to BioTechniques free email alert service to receive content updates.
Ph.D. Students Losing Interest

05/10/2012
David Pittman

Ph.D. students often lost interest in their original career choice, but academia isn’t very supportive of alternative career choices, according to a new study.

Bookmark and Share

Most Ph.D. students in the sciences begin their studies by dreaming of a tenure-track position at a college or university. But in the end only a handful—less than one in four—are destined to continue on that career path. For this reason, some believe that universities need to reexamine how academic advisors discuss career possibilities and choices with their advisees and, in some cases, alter coursework to better reflect a student’s life goals.

In a paper published recently in Public Library of Science ONE (1), management professor Henry Sauermann from the Georgia Institute of Technology examined this issue by surveying Ph.D. students about their interest in various career options from academia, government, and private industry. Source: PLoS ONE





In a paper published recently in Public Library of Science ONE (1), management professor Henry Sauermann from the Georgia Institute of Technology examined this issue by surveying Ph.D. students about their interest in various career options from academia, government, and private industry. As a result, he found that biology, chemistry, and physics students often lost interest in faculty teaching and research jobs during their studies.

According to Sauermann, because there’s a limited number of available academic jobs and a high number of students interested in those jobs, most change career paths to find more attainable employment. However, students feel less informed about careers outside academic research, his research found. This can be addressed through better education before starting (and during) Ph.D. programs, he said.

“There’s a big investment being made by the people themselves who have spent several years of grad school by society because it’s typically financed through grants and to think how does it play out in the end,” said Sauermann.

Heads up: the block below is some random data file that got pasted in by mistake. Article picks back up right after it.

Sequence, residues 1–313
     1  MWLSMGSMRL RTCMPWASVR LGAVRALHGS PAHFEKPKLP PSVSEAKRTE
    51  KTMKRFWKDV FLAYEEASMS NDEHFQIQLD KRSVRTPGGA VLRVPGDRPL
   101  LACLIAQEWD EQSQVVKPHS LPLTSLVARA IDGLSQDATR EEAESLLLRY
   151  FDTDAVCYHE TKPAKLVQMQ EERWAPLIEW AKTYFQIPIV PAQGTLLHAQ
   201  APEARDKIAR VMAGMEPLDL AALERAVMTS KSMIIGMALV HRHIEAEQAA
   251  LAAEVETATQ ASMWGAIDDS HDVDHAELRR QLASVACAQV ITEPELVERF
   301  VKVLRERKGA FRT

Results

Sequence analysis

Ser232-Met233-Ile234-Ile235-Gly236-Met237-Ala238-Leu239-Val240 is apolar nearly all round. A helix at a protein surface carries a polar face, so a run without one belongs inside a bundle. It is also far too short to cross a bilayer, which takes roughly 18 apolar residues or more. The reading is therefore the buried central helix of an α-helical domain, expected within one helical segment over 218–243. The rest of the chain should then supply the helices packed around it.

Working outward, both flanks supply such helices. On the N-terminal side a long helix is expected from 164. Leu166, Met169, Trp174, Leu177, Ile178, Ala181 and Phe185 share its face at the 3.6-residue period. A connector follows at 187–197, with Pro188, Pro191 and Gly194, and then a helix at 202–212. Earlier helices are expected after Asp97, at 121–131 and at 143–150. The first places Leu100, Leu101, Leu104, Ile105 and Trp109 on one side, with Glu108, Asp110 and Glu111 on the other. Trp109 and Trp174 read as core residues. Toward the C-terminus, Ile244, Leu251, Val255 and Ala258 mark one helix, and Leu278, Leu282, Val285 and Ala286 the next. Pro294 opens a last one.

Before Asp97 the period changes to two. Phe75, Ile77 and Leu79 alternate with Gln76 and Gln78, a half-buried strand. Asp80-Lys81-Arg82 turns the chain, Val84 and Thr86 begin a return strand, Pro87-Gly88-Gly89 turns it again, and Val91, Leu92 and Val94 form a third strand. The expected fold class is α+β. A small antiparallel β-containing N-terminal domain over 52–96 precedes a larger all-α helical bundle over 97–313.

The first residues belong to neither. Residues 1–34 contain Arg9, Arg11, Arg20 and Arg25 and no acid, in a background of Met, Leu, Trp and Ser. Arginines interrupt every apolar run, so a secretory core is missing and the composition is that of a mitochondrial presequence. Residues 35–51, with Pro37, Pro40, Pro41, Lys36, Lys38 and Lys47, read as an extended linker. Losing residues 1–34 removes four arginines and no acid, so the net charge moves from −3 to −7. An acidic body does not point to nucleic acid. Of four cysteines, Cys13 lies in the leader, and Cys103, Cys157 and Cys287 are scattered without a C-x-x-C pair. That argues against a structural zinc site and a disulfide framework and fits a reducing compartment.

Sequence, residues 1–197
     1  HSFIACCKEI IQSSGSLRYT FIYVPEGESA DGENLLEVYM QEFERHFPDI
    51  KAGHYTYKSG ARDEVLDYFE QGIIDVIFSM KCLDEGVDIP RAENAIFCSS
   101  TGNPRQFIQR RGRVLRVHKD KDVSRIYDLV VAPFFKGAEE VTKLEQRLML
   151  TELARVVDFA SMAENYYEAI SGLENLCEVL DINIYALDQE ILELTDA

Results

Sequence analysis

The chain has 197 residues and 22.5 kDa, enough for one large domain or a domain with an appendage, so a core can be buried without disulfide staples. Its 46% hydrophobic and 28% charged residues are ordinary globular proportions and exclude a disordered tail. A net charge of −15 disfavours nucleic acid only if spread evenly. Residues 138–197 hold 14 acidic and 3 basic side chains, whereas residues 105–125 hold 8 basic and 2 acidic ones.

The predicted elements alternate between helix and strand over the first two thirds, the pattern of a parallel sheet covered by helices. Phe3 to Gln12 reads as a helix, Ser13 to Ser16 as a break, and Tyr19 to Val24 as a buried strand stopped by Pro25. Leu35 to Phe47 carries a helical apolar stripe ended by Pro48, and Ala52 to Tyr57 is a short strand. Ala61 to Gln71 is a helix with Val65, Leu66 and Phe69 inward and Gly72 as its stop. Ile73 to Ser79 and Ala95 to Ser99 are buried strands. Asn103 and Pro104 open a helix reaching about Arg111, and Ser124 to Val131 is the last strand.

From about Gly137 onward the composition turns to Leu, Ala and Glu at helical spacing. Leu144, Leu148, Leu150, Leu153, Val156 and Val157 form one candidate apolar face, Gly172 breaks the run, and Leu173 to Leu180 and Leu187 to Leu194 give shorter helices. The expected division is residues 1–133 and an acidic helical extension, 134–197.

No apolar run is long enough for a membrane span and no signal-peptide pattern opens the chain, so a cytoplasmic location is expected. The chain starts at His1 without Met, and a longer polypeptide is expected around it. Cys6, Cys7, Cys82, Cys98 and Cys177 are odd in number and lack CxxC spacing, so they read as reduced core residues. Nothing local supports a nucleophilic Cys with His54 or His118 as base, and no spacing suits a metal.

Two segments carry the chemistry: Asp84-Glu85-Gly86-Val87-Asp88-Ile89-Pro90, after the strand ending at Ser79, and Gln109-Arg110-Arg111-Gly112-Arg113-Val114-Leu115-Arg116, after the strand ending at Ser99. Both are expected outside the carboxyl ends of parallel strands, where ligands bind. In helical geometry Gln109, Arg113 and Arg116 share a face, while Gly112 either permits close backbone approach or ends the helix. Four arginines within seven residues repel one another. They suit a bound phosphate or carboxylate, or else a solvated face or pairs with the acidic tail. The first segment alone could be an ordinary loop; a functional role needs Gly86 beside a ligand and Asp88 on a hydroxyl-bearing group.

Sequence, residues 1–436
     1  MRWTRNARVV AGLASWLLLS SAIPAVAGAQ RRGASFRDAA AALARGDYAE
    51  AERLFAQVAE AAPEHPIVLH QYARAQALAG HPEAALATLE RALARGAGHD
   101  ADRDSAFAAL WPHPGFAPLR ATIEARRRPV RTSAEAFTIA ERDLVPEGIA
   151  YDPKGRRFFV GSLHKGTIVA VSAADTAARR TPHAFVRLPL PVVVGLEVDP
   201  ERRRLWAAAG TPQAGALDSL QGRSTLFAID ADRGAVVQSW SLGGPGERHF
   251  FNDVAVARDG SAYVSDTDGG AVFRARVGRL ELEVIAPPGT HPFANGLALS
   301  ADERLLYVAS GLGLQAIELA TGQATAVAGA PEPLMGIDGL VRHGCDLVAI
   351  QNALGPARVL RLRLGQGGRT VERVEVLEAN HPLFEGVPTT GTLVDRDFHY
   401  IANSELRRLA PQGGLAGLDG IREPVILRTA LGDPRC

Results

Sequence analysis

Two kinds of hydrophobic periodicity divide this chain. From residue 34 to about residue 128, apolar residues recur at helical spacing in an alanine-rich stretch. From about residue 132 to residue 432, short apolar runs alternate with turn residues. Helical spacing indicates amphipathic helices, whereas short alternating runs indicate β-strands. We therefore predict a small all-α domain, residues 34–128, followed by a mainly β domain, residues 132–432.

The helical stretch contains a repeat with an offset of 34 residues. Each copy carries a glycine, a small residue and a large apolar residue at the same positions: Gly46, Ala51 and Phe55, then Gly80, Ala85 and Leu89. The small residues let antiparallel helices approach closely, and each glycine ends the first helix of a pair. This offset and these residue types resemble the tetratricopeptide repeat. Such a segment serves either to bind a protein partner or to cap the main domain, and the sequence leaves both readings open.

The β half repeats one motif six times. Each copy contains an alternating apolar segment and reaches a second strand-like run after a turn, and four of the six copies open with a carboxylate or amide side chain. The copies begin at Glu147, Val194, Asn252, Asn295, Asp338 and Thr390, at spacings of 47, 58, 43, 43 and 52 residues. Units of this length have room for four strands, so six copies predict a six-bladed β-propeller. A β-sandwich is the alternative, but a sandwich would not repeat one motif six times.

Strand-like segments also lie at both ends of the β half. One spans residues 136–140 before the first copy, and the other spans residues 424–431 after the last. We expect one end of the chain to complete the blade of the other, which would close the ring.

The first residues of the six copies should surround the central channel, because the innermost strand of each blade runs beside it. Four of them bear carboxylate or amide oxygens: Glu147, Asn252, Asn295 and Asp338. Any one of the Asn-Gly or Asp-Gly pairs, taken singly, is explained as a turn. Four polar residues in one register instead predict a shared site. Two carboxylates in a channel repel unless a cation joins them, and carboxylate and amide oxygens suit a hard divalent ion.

Specifically, the biology Ph.D.s have the most competition. According to the National Science Foundation, just 14% of Ph.D.s in the biological sciences hold tenure-track positions five or six years after graduation. The low number, compared to 21% of physicists and 23% of chemists, is a reflection of a small pool of jobs.

“There’s a big number of positions, but given the number of people looking for them, the chances of getting one is pretty rare,” said Sauermann.

To improve the system and better prepare students to obtain jobs that use their skills, Sauermann believes more research is needed to investigate why students change career interest and the potential impact for science education, research, and the workforce.

Meanwhile, academic advisors continue to push academic careers, which Sauermann called “dysfunctional” because it exacerbates labor imbalances. These advisors are responsible for more than just a student’s research project. “There’s also a role in them shaping career decisions and perceptions of what careers look like,” said Sauermann.

Reference

  1. Sauermann, H., and M. Roach. 2012. Science Ph.D. career preferences: Levels, changes, and advisor encouragement. PLoS ONE 7(5):e36307+.

Keywords:  career PhD